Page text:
Milam’s Musings

By Brett Milam, Online Editor

A narrow majority of Americans still support the death penalty, even with the knowledge that the system could kill an innocent person. Such is unconscionable. The death penalty ought to be permanently outlawed in the United States, starting with Ohio.

Last year, Ohio moved six executions to 2016, meaning there will be no new executions in 2015, shuffled after botching Dennis McGuire’s execution in January 2014. Using new drugs due to the unwillingness of European drug companies to facilitate an execution, the state of Ohio’s concoction of midazolam and hydromorphone took 26 minutes to kill McGuire.

Seitz, a Cincinnati Republican and Williams, a Democrat from Cleveland, are working to at least address the problems plaguing the death penalty in the state. Their co-sponsored bill is the first in a series of three or four working to implement some of 56 recommendations offered by a state task force last year. 

The first bill is primarily focused on procedural issues, like requiring a judge to notify why a claim was granted or denied regarding post-conviction relief. A second bill, expected to be out later this month, would bar the state from executing the mentally ill, according to Kevin Werner, executive director of Ohioans to Stop Executions (OTSE).

In its 2014 report, “A Crumbling Institution: Why Ohio Must Fix Or End the Death Penalty,” OTSE poses the question, “If there is insufficient political will to terminate the death penalty, shouldn’t we fix its many problems?” Indeed. But the most important fact in the report may be that in 2014, three men, Ricky Jackson, Kwame Ajamu and Wiley Bridgeman, were exonerated for the 1975 murder of Harold Franks. These three men were sentenced to die based solely on the witness testimony of a 12-year-old boy. Fortunately, their execution dates were delayed by the U.S. Supreme Court ruling that Ohio’s death penalty was unconstitutional in 1978. Nevertheless, combined, they spent 105 years in prison for a crime they did not commit. What would justice look like had the Supreme Court not interrupted their impending executions? What would justice look like had the 12-year-old boy not grown up to recant his testimony in 2014?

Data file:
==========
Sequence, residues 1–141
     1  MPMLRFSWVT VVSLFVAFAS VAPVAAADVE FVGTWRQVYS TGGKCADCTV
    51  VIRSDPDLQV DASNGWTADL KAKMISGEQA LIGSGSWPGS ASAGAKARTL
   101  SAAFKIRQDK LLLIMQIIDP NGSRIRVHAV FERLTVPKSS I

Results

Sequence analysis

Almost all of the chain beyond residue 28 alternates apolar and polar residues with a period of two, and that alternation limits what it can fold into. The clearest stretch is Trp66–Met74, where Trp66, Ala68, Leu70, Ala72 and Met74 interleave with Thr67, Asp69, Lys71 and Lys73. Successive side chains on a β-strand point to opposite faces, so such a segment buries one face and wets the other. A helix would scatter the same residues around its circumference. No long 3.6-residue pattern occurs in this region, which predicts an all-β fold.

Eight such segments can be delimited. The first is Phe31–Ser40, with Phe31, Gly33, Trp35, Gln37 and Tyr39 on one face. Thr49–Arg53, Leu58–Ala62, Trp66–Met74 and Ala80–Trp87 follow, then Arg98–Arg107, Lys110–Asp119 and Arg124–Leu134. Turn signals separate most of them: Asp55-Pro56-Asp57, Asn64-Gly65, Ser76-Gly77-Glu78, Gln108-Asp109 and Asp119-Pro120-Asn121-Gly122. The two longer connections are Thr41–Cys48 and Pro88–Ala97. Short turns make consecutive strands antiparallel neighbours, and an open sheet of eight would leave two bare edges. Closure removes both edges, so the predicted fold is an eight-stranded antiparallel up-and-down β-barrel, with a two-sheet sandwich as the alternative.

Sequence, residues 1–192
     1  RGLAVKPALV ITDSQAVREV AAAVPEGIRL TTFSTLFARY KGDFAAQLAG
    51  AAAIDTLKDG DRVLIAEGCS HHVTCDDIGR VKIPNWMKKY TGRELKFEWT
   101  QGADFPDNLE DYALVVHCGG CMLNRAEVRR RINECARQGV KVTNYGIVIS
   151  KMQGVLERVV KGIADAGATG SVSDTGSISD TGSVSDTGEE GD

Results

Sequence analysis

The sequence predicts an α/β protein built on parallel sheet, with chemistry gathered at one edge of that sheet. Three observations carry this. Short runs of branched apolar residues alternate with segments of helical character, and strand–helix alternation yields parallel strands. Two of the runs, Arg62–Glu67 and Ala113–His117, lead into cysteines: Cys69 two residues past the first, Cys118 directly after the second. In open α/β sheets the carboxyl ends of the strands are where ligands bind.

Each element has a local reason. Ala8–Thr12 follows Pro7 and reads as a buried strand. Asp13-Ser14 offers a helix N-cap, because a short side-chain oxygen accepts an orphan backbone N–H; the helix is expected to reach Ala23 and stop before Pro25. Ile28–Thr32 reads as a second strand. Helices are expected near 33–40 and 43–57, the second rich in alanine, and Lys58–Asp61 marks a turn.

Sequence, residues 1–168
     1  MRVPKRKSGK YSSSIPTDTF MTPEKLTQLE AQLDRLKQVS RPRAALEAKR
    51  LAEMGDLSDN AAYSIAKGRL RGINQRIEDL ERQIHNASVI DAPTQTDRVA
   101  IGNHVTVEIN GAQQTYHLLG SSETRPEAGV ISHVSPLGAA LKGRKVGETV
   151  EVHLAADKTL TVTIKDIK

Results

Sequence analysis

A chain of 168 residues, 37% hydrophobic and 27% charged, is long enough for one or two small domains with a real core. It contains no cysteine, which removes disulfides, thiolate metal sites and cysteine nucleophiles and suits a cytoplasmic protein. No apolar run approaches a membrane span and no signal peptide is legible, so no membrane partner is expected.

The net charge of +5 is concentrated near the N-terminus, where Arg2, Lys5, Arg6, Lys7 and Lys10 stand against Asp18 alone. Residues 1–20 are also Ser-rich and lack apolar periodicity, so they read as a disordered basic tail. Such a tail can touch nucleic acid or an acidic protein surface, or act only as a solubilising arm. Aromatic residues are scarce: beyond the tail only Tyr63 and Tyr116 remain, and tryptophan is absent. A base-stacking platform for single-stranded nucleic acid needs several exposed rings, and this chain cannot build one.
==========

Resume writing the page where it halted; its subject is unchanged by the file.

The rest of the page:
Looking at the national level, since 1935, as far back as the Pew Research polling goes, Americans have always favored the death penalty more than they’ve opposed it. The high point was in 1995 with 78 percent of Americans favoring execution. While it’s good that support has dropped to 56 percent in the last 20 years, that number is still too high. When Pew leads with the statement, “When someone commits a crime like murder…” then 63 percent of Americans view the death penalty as “morally justified.”

According to the Death Penalty Information Center, 152 inmates on death row across the country have been exonerated since 1973. It’s curious, then, how much of a “margin of error,” are Americans willing to accept? If those men weren’t exonerated, that’s over three deaths a year. And that is presuming no other inmates on death row are, in fact, innocent. Indeed, however, 71 percent of Americans acknowledge that there is some risk that an innocent person will be put to death

There is no acceptable margin of error when it comes to death. There is no acceptable level of collateral damage. The bipartisan attempts to reform a broken system undertaken by Seitz and Williams and the folks like Werner at OTSE are welcome, but it’s a losing proposition. The better route is for the United States Supreme Court to step in and rule the death penalty unconstitutional for all the states.

In fact, the Court is hashing it out over lethal injection this week. On Wednesday, the conservative and liberal justices volleyed back and forth over whether new drugs protocols for lethal injection could cause inmate suffering. Justice Elena Kagan offered the best analogy for explaining the deplorable nature of these drugs.

“Suppose that we said, ‘We’re going to burn you at the stake, but before we do, we’re going to use an anesthetic of completely unknown properties and unknown effects. Maybe you won’t feel it, maybe you will. We just can’t tell.’ And you think that that would be OK?” she said.

It would seem for far too long, Americans have let morality burn at the altar of state-sanctioned murder. It’s time for the Supreme Court to put the flames out.